Prolonged droughts affected many parts of the western United States and especially eastern California and the western Great Basin. Template:Ref Alaska experienced three time intervals of comparable warmth: 0-300, 850-1200, and post-1800 AD. Template:Ref

A radiocarbon-dated box core in the Sargasso Sea shows that sea surface temperature was approximately 1°C cooler than today approximately 400 years ago (the Little Ice Age) and 1700 years ago, and approximately 1°C warmer than today 1000 years ago (the Medieval Warm Period) [6] (http://www.sciencemag.org/cgi/content/abstract/274/5292/1503?rbfvrToken=b3527f8140d1ddfd7f0fdac765ac49b01f52eacb).

The climate in equatorial east Africa has alternated between drier than today, and relatively wet. The drier climate took place during the Medieval Warm Period (~AD 1000-1270) [7] (http://earthobservatory.nasa.gov/Newsroom/MediaAlerts/2004/2004100717709.html).

An ice core from the eastern Bransfield Basin, Antarctic Peninsula clearly identifies events of the Little Ice Age and Medieval Warm Period [8] (http://www.ingentaconnect.com/content/ap/qr/2002/00000058/00000003/art02371). The core clearly shows a distinctly cold period about 1000-1100 AD, nicely illustrating the fact that "MWP" is a moveable term, and that during the "warm" period there were, regionally, periods of both warmth and cold.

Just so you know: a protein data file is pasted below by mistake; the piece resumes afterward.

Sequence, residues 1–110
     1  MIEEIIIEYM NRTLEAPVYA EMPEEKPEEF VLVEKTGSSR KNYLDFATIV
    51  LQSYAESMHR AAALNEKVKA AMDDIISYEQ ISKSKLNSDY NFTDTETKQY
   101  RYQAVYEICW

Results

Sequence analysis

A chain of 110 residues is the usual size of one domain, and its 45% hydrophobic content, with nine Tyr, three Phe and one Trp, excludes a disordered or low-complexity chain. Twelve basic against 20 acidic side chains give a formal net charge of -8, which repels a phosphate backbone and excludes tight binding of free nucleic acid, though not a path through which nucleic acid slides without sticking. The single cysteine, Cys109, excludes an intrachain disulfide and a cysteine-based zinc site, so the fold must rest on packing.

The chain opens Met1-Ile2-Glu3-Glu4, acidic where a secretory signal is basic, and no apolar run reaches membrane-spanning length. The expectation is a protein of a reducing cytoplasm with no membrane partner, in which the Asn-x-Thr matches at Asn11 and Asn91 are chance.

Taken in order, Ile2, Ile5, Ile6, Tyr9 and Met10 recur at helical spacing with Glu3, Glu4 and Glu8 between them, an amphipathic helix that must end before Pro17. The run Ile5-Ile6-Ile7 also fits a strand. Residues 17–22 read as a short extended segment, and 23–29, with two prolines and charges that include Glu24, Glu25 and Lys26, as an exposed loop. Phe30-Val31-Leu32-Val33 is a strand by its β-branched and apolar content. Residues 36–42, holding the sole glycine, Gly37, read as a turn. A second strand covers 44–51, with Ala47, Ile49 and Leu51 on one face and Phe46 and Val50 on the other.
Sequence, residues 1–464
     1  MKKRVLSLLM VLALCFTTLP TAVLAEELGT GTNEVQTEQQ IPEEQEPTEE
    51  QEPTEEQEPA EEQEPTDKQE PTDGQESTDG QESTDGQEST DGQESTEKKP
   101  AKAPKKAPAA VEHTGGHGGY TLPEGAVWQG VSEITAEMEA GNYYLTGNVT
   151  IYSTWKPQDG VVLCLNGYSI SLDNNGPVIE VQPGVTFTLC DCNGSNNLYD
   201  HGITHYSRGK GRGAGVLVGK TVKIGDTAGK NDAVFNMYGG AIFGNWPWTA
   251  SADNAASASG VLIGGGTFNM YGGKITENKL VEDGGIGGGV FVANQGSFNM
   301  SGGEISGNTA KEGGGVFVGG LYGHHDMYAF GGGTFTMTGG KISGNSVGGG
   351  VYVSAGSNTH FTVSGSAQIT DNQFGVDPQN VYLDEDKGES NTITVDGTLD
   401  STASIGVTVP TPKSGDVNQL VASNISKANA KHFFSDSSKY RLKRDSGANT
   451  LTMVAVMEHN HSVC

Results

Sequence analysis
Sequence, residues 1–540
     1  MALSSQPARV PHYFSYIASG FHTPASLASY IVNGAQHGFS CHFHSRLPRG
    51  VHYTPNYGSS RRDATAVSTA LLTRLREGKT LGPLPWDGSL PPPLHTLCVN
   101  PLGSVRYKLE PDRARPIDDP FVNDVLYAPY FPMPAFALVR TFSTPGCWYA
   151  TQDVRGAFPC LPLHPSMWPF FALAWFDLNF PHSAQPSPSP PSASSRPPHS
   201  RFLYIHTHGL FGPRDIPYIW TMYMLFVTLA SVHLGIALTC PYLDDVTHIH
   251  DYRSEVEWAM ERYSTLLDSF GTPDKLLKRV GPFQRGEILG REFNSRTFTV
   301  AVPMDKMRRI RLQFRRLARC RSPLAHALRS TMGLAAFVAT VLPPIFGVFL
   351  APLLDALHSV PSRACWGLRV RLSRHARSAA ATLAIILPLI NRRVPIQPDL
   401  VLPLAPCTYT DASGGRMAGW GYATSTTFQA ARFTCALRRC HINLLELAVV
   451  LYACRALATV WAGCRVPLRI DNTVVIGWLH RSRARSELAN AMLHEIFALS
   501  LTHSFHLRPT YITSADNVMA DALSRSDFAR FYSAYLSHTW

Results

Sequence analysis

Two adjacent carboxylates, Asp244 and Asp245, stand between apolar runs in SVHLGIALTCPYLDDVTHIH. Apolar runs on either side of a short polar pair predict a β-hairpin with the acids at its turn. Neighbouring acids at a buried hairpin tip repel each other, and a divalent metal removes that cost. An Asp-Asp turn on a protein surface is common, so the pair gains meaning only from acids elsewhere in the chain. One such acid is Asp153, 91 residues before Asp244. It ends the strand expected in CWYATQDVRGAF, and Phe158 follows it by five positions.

Corals in the tropical Pacific ocean suggest that relatively cool, dry conditions may have persisted early in the millennium, consistent with a La Niņa-like configuration of the ENSO patterns [9] (http://www.pac.ne.jp/IUGG2003/EN/program.asp?session_id=MC12&program_id=022025-1).

For further discussion of regional and global temperature variations see: Temperature record.

It is fairly common to see occurrence of famines cited during the Little Ice Age. This is not always correct; for example, the famine in 1315, which killed 1.5 million people, is sometimes cited in connection with the LIA despite it having occurred during the MWP.


See also

References

External links and references

  • Vikings during the Medieval Warm Period (http://www2.sunysuffolk.edu/mandias/lia/vikings_during_mwp.html)
  • The Little Ice Age and Medieval Warm Period (http://earth.agu.org/revgeophys/mayews01/node5.html)
  • American Heritage Dictionary (http://bartleby.com/61/34/M0193425.html)- "The period from about 1000 to 1400 in which global temperatures are thought to have been a few degrees above those of the preceding and following periods. The climatic effects of this period were confined primarily to Europe and North America. Also called Medieval Warm Epoch.". (American Heritage Dictionary)
  • The "Medieval Warm Period" (http://greenpeace.org/~climate/database/records/zgpz0231.html)- Greenpeace article citing journal article: (M.K. Hughes and H.F. Diaz, "Was there a 'Medieval Warm Period?", Climatic Change 26: 109-142, March 1994).
  • John L. Daly's graphs (http://www.john-daly.com/hockey/hockey.htm) - claims that the Medieval Warm Period may have been global in character